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Silage harvest timing

David C. Weakley Published on 14 July 2015
Harvesting corn silage

In Texas, corn silage harvest begins early. By late June, when corn is rather green and dry matter hovers around 28 percent, tractors and choppers head out to the fields to start cutting down stalks.

An exciting three-year study of fresh corn fodder is under way in the Lone Star State to help determine optimum harvest times and effective corn varieties.

By specifically examining starch and fiber digestibility, the trial is helping to answer the nationwide question, “Is this corn a better value if sold for corn grain or fed to dairy cows as silage?”

The results from year one of the study show that trying to squeeze more starch out of the plant and increase total yield by delaying harvest may not be the best strategy for dairy producers.

Some samples high in starch proved to be unacceptable for cows. As the plant matures and kernel starch fill continues, the rumen digestibility of the starch declines. A hard kernel will pass right through a cow’s rumen without offering any nutritive value.

Starch is an important energy source and a key component of cow performance. A dairy cow requires a precise amount of starch in her diet in order to maximize milk production and maintain good health.

Ration decisions should not be based off of total starch inputs but rather the amount of rumen-degradable starch present, as this quantity reflects how much starch the cow can actually digest and utilize.

Conservatively speaking, a 2-pound increase in daily individual milk yield can be anticipated when starch is efficiently utilized.

The study began in 2014 and covered 16,000 acres of non-irrigated corn from 56 farms harvested over the course of 15 days. When harvesting began, dry matter was around 28 percent, but within two weeks, dry matter increased to between 36 and 37 percent with the bunker averaging 33 to 35 percent dry matter.

Starch and GPNComparing 31 different corn silage hybrids, the study measured moisture, starch percent, starch digestibility, neutral detergent fiber (NDF) and NDF digestibility of 348 fresh-cut corn plant samples using GPN technology. (GPN measures how digestible and available starch will be to the rumen microbes. It is scored on an indexed scale of 1 to 11 where 1 equals slow-digesting and 11 equals fast-digesting.)

Major variation in forage quality based on harvest time and hybrid selection were discovered. Starch content averaged 34 percent, but individual samples ranged from 18 to 48 percent.

The average GPN, or starch digestibility rating, averaged 6.8 while individual samples ranged from 5.8 to 7.8. The GPN score actually increased as moisture content went up, supporting the theory that harvesting less mature corn silage is conducive to gaining greater levels of starch digestibility.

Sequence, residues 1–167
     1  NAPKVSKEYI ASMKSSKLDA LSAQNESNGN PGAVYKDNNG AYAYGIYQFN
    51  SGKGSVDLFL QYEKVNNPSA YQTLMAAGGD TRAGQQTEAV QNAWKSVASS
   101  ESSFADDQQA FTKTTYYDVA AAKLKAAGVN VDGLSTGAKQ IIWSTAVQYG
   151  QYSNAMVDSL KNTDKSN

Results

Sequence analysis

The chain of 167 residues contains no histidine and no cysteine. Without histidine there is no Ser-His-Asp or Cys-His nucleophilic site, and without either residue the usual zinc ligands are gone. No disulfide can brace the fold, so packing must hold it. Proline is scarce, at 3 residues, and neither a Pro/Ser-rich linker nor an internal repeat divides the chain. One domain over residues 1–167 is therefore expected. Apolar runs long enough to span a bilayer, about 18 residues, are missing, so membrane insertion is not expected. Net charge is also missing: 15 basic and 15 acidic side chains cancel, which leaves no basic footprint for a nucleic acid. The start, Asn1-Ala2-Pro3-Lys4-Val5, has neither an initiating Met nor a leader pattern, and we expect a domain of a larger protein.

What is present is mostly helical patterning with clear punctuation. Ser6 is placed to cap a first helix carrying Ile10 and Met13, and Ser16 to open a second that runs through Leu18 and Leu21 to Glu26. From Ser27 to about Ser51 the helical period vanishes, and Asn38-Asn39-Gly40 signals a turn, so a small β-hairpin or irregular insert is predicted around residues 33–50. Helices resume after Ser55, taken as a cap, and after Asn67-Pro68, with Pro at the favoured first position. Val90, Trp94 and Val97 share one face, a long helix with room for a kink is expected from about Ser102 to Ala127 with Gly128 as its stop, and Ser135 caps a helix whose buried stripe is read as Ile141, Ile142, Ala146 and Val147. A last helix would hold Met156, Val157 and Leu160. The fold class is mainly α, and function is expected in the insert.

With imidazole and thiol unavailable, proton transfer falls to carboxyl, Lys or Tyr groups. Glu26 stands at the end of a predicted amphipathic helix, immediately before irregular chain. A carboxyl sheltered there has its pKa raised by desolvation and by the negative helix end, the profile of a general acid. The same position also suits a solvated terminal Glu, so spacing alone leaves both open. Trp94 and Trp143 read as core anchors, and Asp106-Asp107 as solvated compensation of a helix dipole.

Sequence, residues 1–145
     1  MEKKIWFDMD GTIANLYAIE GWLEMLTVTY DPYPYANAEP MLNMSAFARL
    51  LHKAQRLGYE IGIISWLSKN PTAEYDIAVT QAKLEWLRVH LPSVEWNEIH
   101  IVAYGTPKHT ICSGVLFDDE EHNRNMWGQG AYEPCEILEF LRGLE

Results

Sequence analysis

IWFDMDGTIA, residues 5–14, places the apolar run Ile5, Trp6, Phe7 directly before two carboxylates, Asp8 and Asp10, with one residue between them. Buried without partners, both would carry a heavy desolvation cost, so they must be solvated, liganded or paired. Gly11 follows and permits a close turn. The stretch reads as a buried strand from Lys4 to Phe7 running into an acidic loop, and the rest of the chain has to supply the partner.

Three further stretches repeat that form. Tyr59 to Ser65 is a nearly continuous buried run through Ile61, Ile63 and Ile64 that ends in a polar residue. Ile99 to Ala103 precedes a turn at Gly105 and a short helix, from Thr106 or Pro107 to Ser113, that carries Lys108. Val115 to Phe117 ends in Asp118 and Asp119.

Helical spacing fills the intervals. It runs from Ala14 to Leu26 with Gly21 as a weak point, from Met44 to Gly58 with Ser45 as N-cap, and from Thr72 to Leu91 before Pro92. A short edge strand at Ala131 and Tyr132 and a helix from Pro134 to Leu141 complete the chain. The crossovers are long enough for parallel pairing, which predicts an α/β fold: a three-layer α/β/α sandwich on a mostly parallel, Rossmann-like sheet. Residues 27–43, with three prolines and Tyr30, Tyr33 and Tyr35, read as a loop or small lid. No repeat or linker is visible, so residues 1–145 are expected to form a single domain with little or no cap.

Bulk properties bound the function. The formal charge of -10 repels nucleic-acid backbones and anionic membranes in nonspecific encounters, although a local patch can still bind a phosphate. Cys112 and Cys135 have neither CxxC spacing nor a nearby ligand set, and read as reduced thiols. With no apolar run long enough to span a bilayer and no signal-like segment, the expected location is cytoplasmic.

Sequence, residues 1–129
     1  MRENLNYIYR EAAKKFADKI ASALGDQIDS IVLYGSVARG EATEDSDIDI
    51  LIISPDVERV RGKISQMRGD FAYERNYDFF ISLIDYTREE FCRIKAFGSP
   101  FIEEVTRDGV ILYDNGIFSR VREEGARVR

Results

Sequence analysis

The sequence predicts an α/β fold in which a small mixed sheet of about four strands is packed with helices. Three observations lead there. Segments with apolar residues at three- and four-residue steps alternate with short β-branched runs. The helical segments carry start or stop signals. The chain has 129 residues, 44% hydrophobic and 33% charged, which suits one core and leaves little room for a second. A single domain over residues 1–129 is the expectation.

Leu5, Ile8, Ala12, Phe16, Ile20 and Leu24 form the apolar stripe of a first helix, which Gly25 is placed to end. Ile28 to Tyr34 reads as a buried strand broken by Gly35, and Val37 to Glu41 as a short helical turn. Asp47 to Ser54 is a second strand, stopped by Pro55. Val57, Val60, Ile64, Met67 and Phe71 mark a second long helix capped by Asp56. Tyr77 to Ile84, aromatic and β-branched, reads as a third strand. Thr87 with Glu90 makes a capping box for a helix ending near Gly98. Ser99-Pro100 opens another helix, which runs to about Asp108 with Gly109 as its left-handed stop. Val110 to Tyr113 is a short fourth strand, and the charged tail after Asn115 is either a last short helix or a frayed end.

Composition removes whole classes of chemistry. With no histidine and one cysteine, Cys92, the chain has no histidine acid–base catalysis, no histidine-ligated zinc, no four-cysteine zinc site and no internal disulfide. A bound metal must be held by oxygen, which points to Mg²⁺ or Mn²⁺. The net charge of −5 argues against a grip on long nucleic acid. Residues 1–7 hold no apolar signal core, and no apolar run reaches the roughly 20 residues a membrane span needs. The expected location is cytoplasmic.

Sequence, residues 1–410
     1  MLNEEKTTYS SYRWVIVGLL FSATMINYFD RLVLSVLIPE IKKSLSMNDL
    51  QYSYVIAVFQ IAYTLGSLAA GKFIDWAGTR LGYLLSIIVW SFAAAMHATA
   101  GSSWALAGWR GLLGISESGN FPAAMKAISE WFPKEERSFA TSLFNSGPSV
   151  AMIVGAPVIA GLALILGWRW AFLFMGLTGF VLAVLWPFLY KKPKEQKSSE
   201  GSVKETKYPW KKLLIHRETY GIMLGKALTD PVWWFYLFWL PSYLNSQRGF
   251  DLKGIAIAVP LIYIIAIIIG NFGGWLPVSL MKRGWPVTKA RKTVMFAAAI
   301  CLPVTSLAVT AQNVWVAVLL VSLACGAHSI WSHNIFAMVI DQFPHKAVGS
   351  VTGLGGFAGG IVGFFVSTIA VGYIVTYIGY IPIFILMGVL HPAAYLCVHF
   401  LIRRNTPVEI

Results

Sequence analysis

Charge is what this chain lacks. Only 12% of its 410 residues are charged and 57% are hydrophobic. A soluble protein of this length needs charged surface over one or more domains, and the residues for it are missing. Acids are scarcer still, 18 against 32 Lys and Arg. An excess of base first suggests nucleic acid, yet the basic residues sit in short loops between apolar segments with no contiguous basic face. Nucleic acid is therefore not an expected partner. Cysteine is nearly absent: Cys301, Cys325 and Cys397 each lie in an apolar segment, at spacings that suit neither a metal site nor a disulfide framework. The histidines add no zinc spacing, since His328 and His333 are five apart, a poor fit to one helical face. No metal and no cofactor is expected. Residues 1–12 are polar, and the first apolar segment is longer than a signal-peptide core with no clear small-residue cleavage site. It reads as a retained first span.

As total starch content increased, rumen starch degradability decreased, showing that starch content and GPN are inversely related.

Therefore, waiting to let the ear fill completely to maximize total starch content may not provide optimum starch digestibility for dairy cows.

Starch decreases as moisture increases

Although less mature corn silage contains lower quantities of starch, the starch is more digestible in the rumen, the kernels process better, and the higher moisture results in more favorable packing and provides better aerobic stability after opening the bunker.

Plant varieties exhibited notable differences in starch degradability and starch percent, proving that in addition to harvest timing, corn variety also plays a significant role.

Samples measuring under 30 percent starch were not always a result of excessive moisture, and those above 38 percent starch did not always show poor degradability of the starch.

Some early harvest varieties were found to be just as good as late-harvest varieties, and some of the late varieties were better than anticipated. Of course, the most desirable corn hybrid is one offering both high starch and high digestibility.

GPN increases as moisture increases

Length in storage is another factor to consider. While fresh samples provide a starting point, the GPN score you see immediately following harvest will not be the same three months down the road.

Starch digestibility increases the longer corn silage is stored, making routine testing critical in formulating rations that contain the correct amounts of digestible starch for maintaining consistent cow performance. It can also help save money by highlighting a reduction for the need of starch byproducts.

The ongoing study in Texas continues sampling every other week to gauge the impact of storage duration.

Years two and three of this study promise to uncover even more details regarding starch as it relates to harvest timing and hybrid selection with the goal of pinpointing which corn varieties are most effective to plant.

Choosing the optimum harvest time is critical to proper forage feedout and dependent on many factors, including geography and the growing conditions in your area as well as hybrid selection and kernel processing. Work closely with your nutritionist, agronomist and harvest team to establish a harvest timetable and make hybrid selections ideal for your farm and location.  FG

References omitted due to space but are available upon request. Click here to email an editor.

PHOTO: Harvesting corn silage. Photo courtesy of Fredric Ridenour.

David C. Weakley
  • David C. Weakley

  • Director, Dairy Forage Research
  • Calibrate Technologies
  • Email David C. Weakley